But for the 14-year-old American Minna Stess, the grainy, early footage signals something more momentous. It shows her cautiously trying to climb onto a skateboard, only for it to squirt out beneath her and roll away down the hill. An adorably clumsy chase ensues, and the cycle is repeated again. And again.
When you’re a kid with a dream, life comes at you fast. For Stess and her family, it’s been so fast that they didn’t even realize they were serious about her skateboarding; it all just happened in a blur.
“Is it serious now?” joked her mom Moniz. “I honestly don’t know. It’s just become something that we have always done; we just kind of went everywhere. Maybe, by some people’s standards, that would be serious!”
Having caught the skating bug from her older brother Finnley, she was often the only girl competing locally in California. Then the trophies started rolling in and she arrived on the national scene as the youngest member of the United States team. As one of the best Park skaters in the world, Stess is now hoping to compete at the Olympics in Tokyo.
She can’t remember much about the early days of her journey, but she can remember when others started noticing what she was up to.
“I knew it started getting serious because a bunch of bigger magazines were there, like a bunch of photographers, at least 20 or 25,” she explained.
Stess is recalling her first professional competition, the Girls Combi Pool Classic in 2018, in which she was the only skater to put down a flip trick, finishing ninth and walking away with $1700 in prize money.
“They were taking photos and for some reason I was more worried about them taking a photo of me during the contest and having a flash in my eyes. That’s kind of insane for me; I was just so scared I was going to get hit by the flash and I would fall.”
She was fine that day, but she has fallen at other times, sometimes badly; that’s how she knows that skateboarding is what she really wants to do.
“I have determination, like if I fall, I’ll easily get back up. Some people get hurt and then they just stop because they don’t like getting hurt. Getting hurt is the biggest part of skateboarding.”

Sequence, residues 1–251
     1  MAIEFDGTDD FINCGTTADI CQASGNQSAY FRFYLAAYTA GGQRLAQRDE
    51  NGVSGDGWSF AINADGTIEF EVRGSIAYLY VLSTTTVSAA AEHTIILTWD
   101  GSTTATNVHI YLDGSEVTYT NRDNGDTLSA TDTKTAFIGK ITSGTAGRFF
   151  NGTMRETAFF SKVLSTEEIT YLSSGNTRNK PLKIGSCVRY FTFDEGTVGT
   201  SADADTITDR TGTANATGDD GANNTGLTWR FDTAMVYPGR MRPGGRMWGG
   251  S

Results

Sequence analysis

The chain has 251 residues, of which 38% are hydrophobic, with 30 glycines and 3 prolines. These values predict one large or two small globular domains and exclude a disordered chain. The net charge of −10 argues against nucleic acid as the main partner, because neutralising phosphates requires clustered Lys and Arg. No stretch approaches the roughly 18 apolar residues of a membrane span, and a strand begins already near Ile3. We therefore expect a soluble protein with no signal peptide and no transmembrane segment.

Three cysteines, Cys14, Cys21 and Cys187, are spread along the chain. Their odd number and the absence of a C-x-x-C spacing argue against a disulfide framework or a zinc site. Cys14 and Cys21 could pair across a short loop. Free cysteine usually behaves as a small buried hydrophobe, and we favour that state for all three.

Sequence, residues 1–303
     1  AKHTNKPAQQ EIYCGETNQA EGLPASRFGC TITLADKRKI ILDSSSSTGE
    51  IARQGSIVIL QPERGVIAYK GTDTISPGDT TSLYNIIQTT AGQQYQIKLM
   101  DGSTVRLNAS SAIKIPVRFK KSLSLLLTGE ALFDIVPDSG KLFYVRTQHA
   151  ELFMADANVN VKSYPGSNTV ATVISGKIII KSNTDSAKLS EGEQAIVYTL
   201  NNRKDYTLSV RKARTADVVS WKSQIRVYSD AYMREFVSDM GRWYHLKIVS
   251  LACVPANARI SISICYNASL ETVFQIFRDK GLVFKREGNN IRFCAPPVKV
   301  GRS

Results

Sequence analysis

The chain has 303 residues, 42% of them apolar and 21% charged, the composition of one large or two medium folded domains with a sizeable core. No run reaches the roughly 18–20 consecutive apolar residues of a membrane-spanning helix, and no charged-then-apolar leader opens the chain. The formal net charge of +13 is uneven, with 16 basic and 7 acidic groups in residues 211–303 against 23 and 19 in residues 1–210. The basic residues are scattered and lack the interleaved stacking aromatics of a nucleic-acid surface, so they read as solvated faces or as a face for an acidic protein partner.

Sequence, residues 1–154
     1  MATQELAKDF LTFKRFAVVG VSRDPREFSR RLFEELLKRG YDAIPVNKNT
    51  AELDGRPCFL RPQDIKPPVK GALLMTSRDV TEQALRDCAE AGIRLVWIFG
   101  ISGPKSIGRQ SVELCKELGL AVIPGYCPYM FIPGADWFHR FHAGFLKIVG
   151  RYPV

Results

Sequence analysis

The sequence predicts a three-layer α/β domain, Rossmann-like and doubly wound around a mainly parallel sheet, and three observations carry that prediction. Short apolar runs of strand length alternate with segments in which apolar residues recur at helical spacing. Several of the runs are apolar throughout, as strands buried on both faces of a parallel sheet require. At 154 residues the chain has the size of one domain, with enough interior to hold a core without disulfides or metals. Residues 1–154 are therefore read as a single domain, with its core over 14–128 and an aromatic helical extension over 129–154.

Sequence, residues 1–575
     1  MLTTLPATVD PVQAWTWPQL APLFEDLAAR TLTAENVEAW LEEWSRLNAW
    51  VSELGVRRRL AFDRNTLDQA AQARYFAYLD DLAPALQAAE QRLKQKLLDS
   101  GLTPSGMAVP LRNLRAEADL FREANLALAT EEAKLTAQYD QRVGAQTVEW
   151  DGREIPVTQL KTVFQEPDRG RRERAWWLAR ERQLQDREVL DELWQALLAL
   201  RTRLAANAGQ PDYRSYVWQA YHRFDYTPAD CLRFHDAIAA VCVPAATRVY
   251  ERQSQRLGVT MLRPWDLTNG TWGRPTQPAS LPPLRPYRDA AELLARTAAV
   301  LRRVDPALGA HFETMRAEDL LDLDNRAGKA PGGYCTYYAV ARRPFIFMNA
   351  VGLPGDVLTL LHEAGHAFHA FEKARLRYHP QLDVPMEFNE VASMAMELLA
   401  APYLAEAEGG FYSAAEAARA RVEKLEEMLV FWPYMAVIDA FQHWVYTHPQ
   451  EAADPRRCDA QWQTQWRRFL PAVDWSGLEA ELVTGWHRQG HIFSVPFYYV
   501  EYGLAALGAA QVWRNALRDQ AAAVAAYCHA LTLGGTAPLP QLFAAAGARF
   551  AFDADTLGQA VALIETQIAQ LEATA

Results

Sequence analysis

In 2019, at the age of 12, she broke and dislocated her elbow; it took three surgeries to repair the damage and kept her out of action for three and a half months.
“I remember saying to my dad, ‘Now that I’m hurt and I can’t skate, I really know how much I love it.'”
Like many athletes over the last year, Stess has had to get used to the idea of sitting on the sidelines, as the coronavirus shut down many skateboarding competitions. But she’s at least had a place to practice — her backyard.
She was six when her parents decided to dig up the roses in the garden and install a skate park for their kids.
The ramps are lit, so sometimes Minna can skate until 11 o’clock at night; no later though, because, “I don’t want to annoy the neighbors” adds her Dad.
Skateboarding was designated an Olympic sport in 2016 and is set to debut at the Games in Tokyo.
Once the iconic five interlocking rings were associated with boarding, things began to rapidly change, especially for female skaters who noticed new opportunities opening up.
“Every [Olympic] sport has to have both men and women,” said Moniz. “So it really helped crack open the women’s options. There were options that existed before, just not on the same scale as the men.”